After two weeks off work it was odd to have a deadline to get up and out of the house, even if that deadline was just the first off-peak train into London. I arrived at Fenchurch Street just after 10 o'clock and marched along familiar streets to Bank where I caught a Central line tube for the short hop to Bethnal Green.
I had researched my route and, more importantly, things to be seen just off the main path, but here I had my first surprise find of the day, a drinking fountain built in memory of two people who died while saving others from a house fire in 1902.
It lies in Museum Gardens, and the museum in question is the V&A Museum of Childhood.
I popped inside (it's free) for a brief look around their dollhouse exhibition and I could have spent a lot longer there, but time was passing. Further along the main road, I found the steps I needed to get to the Regent's Canal, leaving the hustle and bustle of the city behind me. The towpath was busy with joggers and dog-walkers, but I still wasn't even at the start of my walk proper.
A few hundred metres further on I came to the Canal Gate of Victoria Park (my 'start point') and my first Jubilee Greenway marker. These are set into the paths with the crown pointing in the direction of travel, the idea being that you keep going in that direction until you need to turn, where there will be another marker.
I wasn't expecting to see many markers as the path goes straight on for a while, following the edge of Victoria Park. I passed the (replica) Dogs of Alcibiades which guard the Bonner Gate,
and then the West Boating Lake with a Chinese pagoda on an island. The original pagoda was built for a Chinese Exhibition in Hyde Park in 1842, and moved here when the exhibition closed. It fell into disrepair and was pulled down in the 1950s, but this replacement was built during the recent regeneration of the park.
Now in the eastern part of the park, I detoured off the official path to take a closer look at the Burdett-Coutts Fountain, erected in 1862 to provide clean drinking water for the people of the East End.
Back to the path again and I walked straight past the marker which would have me exit the park via St Mark's Gate. Not an oversight, but another detour, this time to see two alcoves from the old London Bridge which were saved when the bridge was pulled down in 1831 and placed in the park in 1860. Time for a rest and a drink.
And a dodgy selfie.
I tried again, with the self-timer on my camera instead, but a small incident involving said camera, the arm of the bench and a sudden gust of wind rendered it useless for the rest of the walk (though it's working again now - phew!) Luckily I carry my husband's old smartphone on walks like this. It's a backup camera and a source of emergency internet access if put my sim card in it. Personally I'm happy with my dumbphone for day-to-day use but occasionally his phone has its uses.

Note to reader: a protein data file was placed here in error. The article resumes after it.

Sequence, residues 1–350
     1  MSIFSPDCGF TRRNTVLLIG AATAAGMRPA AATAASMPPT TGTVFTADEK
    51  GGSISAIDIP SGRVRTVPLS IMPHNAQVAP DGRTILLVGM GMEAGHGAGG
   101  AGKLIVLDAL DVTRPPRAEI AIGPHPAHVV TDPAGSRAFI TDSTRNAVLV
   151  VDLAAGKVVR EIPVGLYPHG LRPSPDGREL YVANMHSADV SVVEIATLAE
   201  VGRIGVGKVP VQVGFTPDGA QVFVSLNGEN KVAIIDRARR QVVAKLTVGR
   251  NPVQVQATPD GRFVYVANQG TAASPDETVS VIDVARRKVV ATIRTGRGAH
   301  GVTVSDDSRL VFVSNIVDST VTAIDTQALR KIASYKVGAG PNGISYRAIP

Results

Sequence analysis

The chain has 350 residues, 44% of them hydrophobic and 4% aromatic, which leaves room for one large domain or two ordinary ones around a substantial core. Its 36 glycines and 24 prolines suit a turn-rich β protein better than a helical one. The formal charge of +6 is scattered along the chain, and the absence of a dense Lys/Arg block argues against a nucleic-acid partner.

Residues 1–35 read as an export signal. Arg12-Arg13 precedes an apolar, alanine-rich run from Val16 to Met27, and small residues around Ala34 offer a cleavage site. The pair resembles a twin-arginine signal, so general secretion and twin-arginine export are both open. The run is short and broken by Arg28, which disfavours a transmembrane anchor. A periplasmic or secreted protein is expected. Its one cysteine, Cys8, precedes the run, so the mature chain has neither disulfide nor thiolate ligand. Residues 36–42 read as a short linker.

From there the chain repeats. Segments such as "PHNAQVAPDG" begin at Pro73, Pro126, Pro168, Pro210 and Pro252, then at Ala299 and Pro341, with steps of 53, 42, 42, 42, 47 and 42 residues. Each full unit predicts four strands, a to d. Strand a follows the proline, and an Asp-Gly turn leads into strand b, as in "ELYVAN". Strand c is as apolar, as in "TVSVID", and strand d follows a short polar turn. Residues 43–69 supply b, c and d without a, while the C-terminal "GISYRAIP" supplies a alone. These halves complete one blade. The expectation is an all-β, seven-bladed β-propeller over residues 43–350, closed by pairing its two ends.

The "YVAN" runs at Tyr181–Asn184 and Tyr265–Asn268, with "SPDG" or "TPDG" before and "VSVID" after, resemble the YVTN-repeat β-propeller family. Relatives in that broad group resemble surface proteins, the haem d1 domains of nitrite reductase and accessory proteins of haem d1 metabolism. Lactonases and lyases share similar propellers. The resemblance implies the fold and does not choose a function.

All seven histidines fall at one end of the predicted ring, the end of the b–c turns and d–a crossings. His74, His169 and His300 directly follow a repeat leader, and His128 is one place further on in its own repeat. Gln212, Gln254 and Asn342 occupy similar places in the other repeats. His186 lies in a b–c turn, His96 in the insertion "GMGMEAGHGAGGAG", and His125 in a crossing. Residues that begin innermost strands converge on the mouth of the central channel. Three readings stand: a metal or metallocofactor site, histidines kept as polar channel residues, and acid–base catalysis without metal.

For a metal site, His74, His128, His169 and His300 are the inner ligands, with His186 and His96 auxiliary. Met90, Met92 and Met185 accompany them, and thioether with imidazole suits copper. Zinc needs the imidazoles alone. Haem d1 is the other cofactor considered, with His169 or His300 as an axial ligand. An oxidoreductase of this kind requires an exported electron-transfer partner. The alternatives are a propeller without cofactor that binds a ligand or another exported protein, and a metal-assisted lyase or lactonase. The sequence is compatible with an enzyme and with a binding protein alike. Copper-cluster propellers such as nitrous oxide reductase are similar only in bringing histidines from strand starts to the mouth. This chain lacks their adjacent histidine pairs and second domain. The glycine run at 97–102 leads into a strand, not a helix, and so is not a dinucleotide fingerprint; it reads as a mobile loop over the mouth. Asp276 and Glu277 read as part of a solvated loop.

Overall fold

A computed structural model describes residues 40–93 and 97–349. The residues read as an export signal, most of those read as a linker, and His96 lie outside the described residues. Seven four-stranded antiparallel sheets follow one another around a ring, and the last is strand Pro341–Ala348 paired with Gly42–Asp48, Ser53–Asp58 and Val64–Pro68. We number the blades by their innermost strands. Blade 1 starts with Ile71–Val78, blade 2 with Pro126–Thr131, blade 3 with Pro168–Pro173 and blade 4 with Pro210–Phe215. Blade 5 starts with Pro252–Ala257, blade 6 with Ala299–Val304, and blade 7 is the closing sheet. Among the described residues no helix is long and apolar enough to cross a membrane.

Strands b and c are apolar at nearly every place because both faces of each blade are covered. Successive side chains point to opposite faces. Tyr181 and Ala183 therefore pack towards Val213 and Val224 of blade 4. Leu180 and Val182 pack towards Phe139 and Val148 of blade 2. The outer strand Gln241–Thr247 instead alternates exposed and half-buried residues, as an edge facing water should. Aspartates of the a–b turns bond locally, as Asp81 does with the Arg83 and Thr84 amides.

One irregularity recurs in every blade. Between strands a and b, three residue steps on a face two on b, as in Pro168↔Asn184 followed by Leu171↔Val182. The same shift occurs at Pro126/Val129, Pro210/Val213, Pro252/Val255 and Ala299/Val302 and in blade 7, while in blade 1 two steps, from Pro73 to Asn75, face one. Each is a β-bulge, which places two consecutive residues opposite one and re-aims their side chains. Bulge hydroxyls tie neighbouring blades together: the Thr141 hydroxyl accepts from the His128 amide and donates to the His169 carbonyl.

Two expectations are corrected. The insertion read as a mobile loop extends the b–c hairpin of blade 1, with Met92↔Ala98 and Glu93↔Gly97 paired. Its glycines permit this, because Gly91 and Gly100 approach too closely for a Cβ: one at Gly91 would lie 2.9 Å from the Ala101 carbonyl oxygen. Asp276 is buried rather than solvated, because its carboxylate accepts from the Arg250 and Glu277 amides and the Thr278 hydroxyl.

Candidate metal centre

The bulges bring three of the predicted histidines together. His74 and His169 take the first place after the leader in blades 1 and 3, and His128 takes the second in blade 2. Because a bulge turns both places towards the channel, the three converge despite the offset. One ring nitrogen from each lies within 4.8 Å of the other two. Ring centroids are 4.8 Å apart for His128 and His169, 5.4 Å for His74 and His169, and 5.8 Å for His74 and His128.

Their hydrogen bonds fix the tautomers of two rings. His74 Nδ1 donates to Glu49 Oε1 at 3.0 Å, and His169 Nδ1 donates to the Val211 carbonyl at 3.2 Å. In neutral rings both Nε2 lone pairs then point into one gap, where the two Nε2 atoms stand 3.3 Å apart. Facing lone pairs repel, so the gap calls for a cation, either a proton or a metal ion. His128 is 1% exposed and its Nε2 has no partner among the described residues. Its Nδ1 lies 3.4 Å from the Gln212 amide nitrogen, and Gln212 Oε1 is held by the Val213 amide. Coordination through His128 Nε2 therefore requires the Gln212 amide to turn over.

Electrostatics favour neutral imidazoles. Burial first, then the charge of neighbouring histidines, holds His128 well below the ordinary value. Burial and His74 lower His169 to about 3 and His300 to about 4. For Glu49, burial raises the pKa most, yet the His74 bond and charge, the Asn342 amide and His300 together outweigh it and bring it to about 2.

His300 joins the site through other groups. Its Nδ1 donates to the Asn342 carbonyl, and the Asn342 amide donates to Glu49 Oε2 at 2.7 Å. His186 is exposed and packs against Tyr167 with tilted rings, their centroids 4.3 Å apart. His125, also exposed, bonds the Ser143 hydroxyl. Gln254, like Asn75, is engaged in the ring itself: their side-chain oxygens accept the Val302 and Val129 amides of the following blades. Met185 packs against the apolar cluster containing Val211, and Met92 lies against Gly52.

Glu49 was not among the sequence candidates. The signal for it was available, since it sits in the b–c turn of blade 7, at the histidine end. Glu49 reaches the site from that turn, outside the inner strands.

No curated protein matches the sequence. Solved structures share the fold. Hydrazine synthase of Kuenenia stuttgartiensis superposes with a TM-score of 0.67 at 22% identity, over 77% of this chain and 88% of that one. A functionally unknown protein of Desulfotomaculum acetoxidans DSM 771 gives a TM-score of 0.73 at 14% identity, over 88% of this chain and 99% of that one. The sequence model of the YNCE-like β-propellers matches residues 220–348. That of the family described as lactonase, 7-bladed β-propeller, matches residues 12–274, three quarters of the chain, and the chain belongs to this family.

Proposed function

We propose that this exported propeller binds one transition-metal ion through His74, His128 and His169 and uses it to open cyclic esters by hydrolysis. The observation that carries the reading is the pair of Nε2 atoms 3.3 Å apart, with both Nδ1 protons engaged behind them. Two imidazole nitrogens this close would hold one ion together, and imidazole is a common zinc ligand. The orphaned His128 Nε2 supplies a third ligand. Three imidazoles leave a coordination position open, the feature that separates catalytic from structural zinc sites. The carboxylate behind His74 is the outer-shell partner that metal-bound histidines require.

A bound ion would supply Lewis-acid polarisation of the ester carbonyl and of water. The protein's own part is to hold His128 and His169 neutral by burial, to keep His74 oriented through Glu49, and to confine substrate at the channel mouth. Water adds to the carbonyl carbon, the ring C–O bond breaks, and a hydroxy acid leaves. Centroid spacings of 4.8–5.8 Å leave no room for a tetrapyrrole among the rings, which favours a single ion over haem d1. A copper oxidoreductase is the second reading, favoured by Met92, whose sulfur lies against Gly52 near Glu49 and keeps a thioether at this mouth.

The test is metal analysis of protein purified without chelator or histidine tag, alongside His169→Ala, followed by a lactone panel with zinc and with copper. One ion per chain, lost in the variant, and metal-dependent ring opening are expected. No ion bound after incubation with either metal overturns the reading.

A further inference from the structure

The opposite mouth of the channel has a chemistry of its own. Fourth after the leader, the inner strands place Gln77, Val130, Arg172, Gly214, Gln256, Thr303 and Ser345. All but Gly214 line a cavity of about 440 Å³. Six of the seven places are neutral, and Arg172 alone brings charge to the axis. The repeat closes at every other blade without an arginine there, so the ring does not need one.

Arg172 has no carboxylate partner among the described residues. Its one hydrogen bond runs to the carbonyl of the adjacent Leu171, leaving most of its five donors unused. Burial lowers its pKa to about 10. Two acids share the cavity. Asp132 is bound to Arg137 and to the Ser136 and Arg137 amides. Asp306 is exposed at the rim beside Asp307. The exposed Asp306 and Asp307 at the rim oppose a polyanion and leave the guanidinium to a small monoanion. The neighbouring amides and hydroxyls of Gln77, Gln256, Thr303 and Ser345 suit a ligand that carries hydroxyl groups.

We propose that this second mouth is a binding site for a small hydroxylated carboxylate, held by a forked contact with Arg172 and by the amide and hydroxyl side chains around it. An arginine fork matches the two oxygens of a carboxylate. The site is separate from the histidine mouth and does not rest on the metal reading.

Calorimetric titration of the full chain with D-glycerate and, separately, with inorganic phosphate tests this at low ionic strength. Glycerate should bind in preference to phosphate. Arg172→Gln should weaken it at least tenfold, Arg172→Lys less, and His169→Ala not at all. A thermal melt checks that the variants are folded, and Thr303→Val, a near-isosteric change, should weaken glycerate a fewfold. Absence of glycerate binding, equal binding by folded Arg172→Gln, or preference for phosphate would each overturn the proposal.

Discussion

Anyway, I backtracked to St Mark's Gate, and out into the urban sprawl, over the Hertford Union Canal, under the A12 and between Buildbase and Big Yellow Self-Storage to get to the start of the Greenway.
This was The Greenway before it became part of the Jubilee Greenway, but it's not particularly green. The raised walkway runs through urban areas with just a strip of grass alongside. No markers are needed here, as the path goes straight on into the distance, following (on top of) the Northern Outfall Sewer.
So, straight on I went, as far as the Queen Elizabeth Olympic Park, where the stadium was one big building site on my left.
I turned off the Greenway here to explore the Olympic Park which I hadn't visited since September 2012 when we cheered on Sarah Storey, David Weir and many others to their paralympic gold medals.
I passed the Orbit on my way in,
and then the Aquatics Centre.
The park was busier than I expected, with walkers, cyclists, and families seeking out Routemaster buses like this one, part of a sculpture trail to celebrate the Year of the Bus.
I went as far as the Copper Box Arena and its RUN sculpture,
but aching legs meant that I gave up all thoughts of re-visiting the Velodrome.
I retraced my steps through the park, back to the Greenway, only to discover that the next section is currently part of a building site. A helpful security guard sent me through an industrial estate from which I emerged onto Stratford High Street, conveniently close to a 'Legible London' sign which I didn't really need, but it was nice to see anyway.
Along the High Street, and a right turn took me back onto the Greenway, still running in a straight line, eastwards towards the Meridian Line,
where I took the obligatory 'one foot in each hemisphere' photo.
I'll be crossing it again when I get to Greenwich.
My final sight of the day was the Abbey Mills Pumping Station, a huge Byzantine affair also known as the Cathedral of Sewage.
I'd walked about half of the Greenway now, and I'll be back for some more soon, but the end of my journey was almost in sight; West Ham station lies just off the Greenway, more convenient for my journey home than the official end of this section.